If the first two games are an indication of what kind of season it's going to be for the Washington Bullets, their followers are in for equal doses of thrills and heartaches.

The first heartache came Saturday night in the Capital Centre home opener when the Philadelphia 76ers beat the Bullets, 126-120, in double overtime.

The Bullet problems were glaring, even though they almost won. They are slow, the only guard who can shoot a jump shot is Kevin Grevey and they don't have a bona fide, dependable star they can count on when the game is on the line.

The 76ers have such a player and he was the difference Saturday. Julius Erving scored 36 points, equaled his National Basketball Association career high with 17 rebounds (nine of them offensive) and had six assists, two steals and a blocked shot. He turned in one spectacular play after another at both ends of the floor.

The Bullets struggled through much of their opener Friday against the Detroit Pistons, the worst team in the league last season, before getting themselves together for a 10-point victory.

They are off until Thursday, when they face the Cleveland Cavaliers in Richfield, Ohio. They play the New Jersey Nets Friday at Capital Centre and then have a rematch with the 76ers at the Spectrum Saturday.

The Bullets' leading scorer after two games, surprisingly, is guard Kevin Porter. He has made 18 of 29 shots and is averaging 19.5 points a game. He also is the team leader in assists with 12. Porter has also played good defense and seems to have a grasp of what Coach Gene Shue wants on offense.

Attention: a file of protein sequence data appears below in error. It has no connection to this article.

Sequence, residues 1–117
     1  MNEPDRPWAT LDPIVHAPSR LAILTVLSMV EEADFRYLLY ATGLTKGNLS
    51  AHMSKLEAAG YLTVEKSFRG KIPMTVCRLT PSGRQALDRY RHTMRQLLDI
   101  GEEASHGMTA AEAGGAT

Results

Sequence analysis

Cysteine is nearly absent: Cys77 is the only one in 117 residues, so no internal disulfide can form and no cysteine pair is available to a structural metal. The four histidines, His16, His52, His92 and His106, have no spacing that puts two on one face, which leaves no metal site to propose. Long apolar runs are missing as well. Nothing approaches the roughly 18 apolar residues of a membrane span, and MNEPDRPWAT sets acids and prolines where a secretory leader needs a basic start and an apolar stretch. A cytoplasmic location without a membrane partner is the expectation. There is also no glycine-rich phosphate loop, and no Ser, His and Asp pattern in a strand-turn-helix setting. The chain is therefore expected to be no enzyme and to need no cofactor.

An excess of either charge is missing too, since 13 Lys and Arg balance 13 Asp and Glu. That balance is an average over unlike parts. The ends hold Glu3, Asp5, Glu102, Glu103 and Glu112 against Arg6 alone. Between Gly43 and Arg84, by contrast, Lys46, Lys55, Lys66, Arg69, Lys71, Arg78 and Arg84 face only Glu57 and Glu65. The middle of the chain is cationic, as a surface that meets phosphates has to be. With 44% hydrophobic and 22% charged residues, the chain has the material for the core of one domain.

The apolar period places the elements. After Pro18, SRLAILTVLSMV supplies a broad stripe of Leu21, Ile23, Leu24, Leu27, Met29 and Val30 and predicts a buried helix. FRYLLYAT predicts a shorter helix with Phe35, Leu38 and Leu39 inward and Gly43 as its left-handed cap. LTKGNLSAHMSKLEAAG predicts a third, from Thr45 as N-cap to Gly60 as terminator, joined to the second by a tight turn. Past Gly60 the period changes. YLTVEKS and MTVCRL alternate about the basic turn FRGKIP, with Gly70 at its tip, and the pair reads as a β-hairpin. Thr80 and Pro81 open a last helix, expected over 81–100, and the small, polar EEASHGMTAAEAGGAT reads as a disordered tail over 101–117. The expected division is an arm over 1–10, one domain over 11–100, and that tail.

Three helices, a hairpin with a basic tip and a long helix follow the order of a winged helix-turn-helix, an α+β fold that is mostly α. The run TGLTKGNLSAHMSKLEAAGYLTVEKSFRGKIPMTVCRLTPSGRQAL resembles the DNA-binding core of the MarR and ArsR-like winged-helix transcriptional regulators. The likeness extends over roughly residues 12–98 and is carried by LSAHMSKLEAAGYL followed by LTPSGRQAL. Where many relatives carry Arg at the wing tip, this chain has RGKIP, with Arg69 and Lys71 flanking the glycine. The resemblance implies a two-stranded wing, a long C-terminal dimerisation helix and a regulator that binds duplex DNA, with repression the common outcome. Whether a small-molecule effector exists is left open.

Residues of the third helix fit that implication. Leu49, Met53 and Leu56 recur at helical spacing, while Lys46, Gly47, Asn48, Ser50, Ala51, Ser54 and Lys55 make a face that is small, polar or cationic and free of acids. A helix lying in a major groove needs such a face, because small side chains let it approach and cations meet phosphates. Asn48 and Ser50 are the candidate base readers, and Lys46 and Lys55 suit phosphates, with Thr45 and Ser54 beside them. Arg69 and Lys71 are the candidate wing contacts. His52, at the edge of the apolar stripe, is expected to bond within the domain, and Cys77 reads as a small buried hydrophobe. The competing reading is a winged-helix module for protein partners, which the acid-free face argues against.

Porter's backup, heralded No. 1 draft choice Wes Matthews, has some interesting statistics for a 6-foot-1 guard. He has made eight of 22 shots, but is zero for 14 on any shot other than a layup or a dunk. Six of Matthews' eight field goals have come on dunks and seven of the eight have come off fast breaks.

Elvin Hayes, the Bullets' major offensive weapon, is having trouble adjusting to Shue's offense and has scored only 16 points in the two games. He shot three for 15 from the field Saturday and fouled out.

"I'll be all right," Hayes said. "I just need to learn how to get my rhythm in this new offense."

Because of the obvious shooting problems the Bullets have, both Detroit and Philadelphia pressured them on defense and kept them outside, forcing them to shoot jump shots. That is probably a strategy the Bullets will see all season.

The steadiest Bullet so far has been center Wes Unseld. He is shooting 74 percent from the field (14-19) and he has 28 rebounds in two games.